• 25.
    Gustafsson, Lena-Karin
    et al.
    Mälardalen University, School of Health, Care and Social Welfare, Health and Welfare.
    Snellman, Ingrid
    Mälardalen University, School of Health, Care and Social Welfare, Health and Welfare.
    Gustafsson, Christine
    Mälardalen University, School of Health, Care and Social Welfare, Health and Welfare.
    The meaningful encounter: Patient and next of kin stories about their experience of meaningful encounters in health care2013In: Nursing Inquiry, ISSN 1320-7881, E-ISSN 1440-1800, Vol. 20, no 4, p. 363-371Article in journal (Refereed)
    Abstract [en]

    This study focuses on the meaningful encounters of patients and next of kin, seen from their perspective. Identifying the attributes within meaningful encounters is important for increased understanding of caring and to expand and develop earlier formulated knowledge about caring relationships. Caring theory about the caring relationship and provided a point of departure for the study. The aim of this study was to illuminate the meaningful encounter in health care contexts narrated by patients and next of kin. A qualitative explorative design with a hermeneutic narrative approach was used to analyze and interpret the written narratives. Phases were: Naïve interpretation, structure analysis on two different levels a) analysis of narrative structure b) analysis of deep structure through metaphors and finally a dialectic interpretation. In the narratives the meaning of the meaningful encounter was sharing, a nourishing fellowship, common responsibility and coming together experienced as safety and warmth and gives, by extension, life changing moments, a healing force and dissipated insight. The meaningful encounter can be seen as a complex phenomenon that has different attributes. Understanding the meaningful encounter will enable nurses to plan and provide professional care, based on caring science focusing on patient and next of kin experience.

  • 26.
    Snellman, Ingrid
    et al.
    Mälardalen University, School of Health, Care and Social Welfare.
    Gustafsson, Christine
    Mälardalen University, School of Health, Care and Social Welfare.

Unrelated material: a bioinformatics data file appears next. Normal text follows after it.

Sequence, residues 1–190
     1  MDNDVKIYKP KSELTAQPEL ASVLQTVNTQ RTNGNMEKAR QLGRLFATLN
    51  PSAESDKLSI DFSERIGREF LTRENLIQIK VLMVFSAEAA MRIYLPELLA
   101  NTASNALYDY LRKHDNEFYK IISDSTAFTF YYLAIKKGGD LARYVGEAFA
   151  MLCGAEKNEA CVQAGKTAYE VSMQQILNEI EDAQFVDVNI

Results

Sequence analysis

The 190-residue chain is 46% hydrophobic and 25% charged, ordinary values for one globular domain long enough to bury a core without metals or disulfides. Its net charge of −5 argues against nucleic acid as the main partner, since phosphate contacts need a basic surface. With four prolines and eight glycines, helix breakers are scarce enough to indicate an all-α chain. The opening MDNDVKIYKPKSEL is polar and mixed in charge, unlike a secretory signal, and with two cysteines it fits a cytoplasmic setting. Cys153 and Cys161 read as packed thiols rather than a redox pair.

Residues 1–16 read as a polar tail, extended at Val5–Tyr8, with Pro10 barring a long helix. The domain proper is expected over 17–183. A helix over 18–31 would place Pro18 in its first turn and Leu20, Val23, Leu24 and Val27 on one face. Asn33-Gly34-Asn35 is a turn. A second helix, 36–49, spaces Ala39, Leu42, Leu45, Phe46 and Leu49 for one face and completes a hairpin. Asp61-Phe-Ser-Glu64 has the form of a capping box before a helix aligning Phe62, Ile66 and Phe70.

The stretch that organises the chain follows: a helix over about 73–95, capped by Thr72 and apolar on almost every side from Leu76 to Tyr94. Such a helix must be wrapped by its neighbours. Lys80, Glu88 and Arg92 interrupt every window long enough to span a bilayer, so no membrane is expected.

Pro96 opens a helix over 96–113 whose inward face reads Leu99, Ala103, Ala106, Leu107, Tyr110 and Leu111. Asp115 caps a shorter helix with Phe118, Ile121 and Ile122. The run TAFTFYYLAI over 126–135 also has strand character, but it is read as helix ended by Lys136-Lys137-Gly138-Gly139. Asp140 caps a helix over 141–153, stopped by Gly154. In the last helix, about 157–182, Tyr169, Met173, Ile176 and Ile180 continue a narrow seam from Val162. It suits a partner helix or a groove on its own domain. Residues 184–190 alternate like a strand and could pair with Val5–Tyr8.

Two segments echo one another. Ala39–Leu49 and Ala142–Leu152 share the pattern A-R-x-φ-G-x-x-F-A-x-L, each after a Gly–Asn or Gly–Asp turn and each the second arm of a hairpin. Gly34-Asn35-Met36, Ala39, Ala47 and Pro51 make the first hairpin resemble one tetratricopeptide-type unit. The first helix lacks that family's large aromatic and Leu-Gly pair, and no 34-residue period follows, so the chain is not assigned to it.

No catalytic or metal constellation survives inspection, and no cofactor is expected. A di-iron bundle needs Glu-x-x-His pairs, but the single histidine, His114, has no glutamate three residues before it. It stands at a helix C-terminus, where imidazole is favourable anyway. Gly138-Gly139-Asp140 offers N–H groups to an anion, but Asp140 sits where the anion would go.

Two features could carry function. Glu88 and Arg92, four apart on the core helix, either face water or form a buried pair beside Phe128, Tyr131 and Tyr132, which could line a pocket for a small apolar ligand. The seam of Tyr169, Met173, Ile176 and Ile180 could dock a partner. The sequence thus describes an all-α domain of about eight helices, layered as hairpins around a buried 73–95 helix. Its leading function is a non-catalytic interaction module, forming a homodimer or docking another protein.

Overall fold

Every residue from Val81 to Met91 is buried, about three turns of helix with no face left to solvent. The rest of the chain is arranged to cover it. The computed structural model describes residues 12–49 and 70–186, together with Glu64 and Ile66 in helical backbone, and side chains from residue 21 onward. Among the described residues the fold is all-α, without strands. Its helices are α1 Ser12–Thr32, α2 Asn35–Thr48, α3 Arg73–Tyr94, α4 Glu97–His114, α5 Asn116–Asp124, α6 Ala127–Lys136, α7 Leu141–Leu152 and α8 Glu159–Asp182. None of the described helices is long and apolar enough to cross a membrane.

Gustafsson, Lena-Karin
    Mälardalen University, School of Health, Care and Social Welfare.
    Patients' and Caregivers' Attributes in a Meaningful Care Encounter: Similarities and Notable Differences2012In: ISRN Nursing, ISSN 2090-5483, Vol. 2012, no Article ID 320145Article in journal (Refereed)
    Abstract [en]

    In today's healthcare system, there is an imbalance between what patients expect of caregivers' care and their perception of the care they get. How is it possible to reduce this imbalance? The aim of this paper was to describe attributes associated with meaningful encounters in the Swedish healthcare system based on patients' and caregivers' written narratives and to note the differences and similarities between the attributes identified by the two groups. This paper is a qualitative descriptive study. The analysis was guided by qualitative content analyses. Based on patients' narratives, attributes associated with a meaningful encounter fell into four categories: the kind-hearted caregiver, the thoughtful caregiver, the mutually oriented caregiver, and the helpful caregiver. Based on caregivers' narratives, the attributes were categorized as being humane, caring through physical contact, caring by nurturing communication, joy and laughter in care, and a sense of mutuality. The results show that there are both similarities and differences in patients' and caregivers' opinions about the attributes of a meaningful encounter. Knowing more about the attributes associated with meaningful encounters makes it possible for caregivers to individualize care for patients and makes it easier to help and support patients in what they most need support with.

  • 27.
    Snellman, Ingrid
    et al.
    Mälardalen University, School of Health, Care and Social Welfare.
    Gustafsson, Lena-Karin
    Mälardalen University, School of Health, Care and Social Welfare.
    Gustafsson, Christine
    Mälardalen University, School of Health, Care and Social Welfare.
    Patients’ and Caregivers’ Attributes in a Meaningful Care Encounter: Similarities and Notable Differences2012In: Aging in a Changing World, 2012Conference paper (Other academic)
    Abstract [en]